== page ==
I am using a NI 9205 to measure differential Voltage.
I am a bit confused on the wiring. It appears that the wiring diagram shows that all low side signals ( -) should be tied to common which is tied to ground.
It seems if I do this, then I am not truly measuring a differential voltage, but RSE voltage.
I have read the manual and the NI field wiring tutorials, so please don't point me there, or post a picture, I am fully aware of what they look like, and still don't understand
them as well as I want.
Thanks for any help.
You don't necessarily need to connect the negative terminal to COM directly, though you should definitely make sure that COM is connected to something that isn't floating (if you external signals will stay withing about 10V of ground, you can just connect the COM to the chassis ground). The reason that you need this connection is that, without it, the COM terminal may float outside the specced allowance from Earth Ground.
One thing you may need to do with a differential measurement is bias both + and - to COM using resistors if you are measuring a floating source. This would be the Floating Signal Source portion of Table 1 in Field Wiring and Noise Considerations for Analog Signals. In this situation, it's still a true differential measurement as your resistors will be large enough to simply provide a path for bias currents to return to ground. This has the effect of cleaning up the signal without affecting the differential nature of the measurement. If you are measuring grounded sources, this won't be necessary.
One last queston.
On the 9205, there is a "port" on the module for single wire labeled COM, should this be tied to ground; i.e. earth, or floated with a resistor off of ground?
Where COM should be tied depends on the voltages that you plan on measuring.
There are several relevant voltage limits for the NI 9205 to consider:
Measurement Range:±10V max
The module can only measure a signal that is a maximum of 10V between the negative terminal and the positive terminal. The negative terminal in this case is either AI - for differential measurements, AI Sense for NRSE measurements or COM for RSE measurements. This is the range that the device can actually measure signals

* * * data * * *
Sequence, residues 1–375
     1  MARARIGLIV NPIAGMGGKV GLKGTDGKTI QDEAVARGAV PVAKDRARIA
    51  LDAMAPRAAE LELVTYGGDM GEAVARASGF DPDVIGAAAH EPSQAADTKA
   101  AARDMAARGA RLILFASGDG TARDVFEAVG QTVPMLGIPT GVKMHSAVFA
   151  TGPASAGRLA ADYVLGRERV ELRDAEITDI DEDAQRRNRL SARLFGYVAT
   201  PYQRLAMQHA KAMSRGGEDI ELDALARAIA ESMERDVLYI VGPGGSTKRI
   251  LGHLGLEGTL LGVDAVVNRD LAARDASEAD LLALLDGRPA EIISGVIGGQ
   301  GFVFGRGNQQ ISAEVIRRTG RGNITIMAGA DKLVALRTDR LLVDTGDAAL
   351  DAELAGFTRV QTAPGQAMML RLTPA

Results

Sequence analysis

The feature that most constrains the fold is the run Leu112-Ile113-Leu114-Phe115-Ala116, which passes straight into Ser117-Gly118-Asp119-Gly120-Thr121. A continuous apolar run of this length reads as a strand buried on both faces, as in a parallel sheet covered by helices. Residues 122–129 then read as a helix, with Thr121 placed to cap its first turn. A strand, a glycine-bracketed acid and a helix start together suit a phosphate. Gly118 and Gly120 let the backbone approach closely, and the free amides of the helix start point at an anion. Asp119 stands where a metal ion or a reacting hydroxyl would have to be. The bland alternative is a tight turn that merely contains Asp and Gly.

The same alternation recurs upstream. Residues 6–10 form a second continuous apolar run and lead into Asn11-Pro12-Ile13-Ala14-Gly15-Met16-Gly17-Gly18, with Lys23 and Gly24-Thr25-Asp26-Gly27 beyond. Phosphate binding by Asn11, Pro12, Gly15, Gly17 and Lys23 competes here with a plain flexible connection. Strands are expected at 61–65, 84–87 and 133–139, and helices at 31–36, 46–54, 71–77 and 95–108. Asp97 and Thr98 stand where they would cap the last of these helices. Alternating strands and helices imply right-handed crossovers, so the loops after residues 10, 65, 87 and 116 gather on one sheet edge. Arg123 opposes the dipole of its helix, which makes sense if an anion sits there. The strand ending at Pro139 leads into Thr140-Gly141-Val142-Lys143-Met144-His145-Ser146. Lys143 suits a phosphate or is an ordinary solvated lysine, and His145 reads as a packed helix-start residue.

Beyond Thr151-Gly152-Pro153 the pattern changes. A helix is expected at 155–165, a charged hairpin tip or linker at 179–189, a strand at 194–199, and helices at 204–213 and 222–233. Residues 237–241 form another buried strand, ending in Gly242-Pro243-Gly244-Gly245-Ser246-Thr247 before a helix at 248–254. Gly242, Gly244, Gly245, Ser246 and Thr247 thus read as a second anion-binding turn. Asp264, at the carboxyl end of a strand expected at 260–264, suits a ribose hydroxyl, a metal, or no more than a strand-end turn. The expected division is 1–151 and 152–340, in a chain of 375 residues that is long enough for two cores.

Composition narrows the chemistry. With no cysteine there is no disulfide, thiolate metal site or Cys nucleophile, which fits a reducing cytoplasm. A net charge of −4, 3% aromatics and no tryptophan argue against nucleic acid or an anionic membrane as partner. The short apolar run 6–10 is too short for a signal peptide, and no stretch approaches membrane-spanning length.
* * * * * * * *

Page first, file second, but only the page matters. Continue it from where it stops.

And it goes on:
Maximum Channel to Channel Voltage±30V max between any channel and COM
No channel (AI, DI, or PFI) should be more than 30V from the COM terminal. Any more than this and the module may be damaged.
Maximum Channel-to-earth Voltage±60VDC (±250Vrms for the Spring Terminal version)
This is the maximum potential that can be sustained between the COM terminal (or any other terminal) and chassis ground before the isolation barrier is damaged. The isolation barrier can withstand higher for short periods of time, but nothing over this value should be sustained.
So, the answer to your question depends on the voltages you are measuring. If all of the signals that you are measuring will be withing ±10V of earth ground, the easiest solution is just to tie COM to the chassis ground lug. If the voltages need to be between 10V and 30V from earth ground, you are certain they won't float out of this range, and you are measuring differentially then you can again tie COM to chassis ground as well. If the voltages must exceed 30V from ground, you'll need to tie COM to something that ensures that all of the three above conditions are met.
For example, if you are measuring signals that vary from 40V to 60V, you'd tie COM to a 30V power supply to ensure that it stays withing 60V of earth ground and within 30V of the highest signal (if you are measuring differentially or NRSE). If you were measuring in RSE mode, you'd tie COM to a 50V power supply to keep it within 10V of each AI measurement.
Does this make sense? For most people, the signals will remain within 10V of earth ground and so just time COM to earth ground.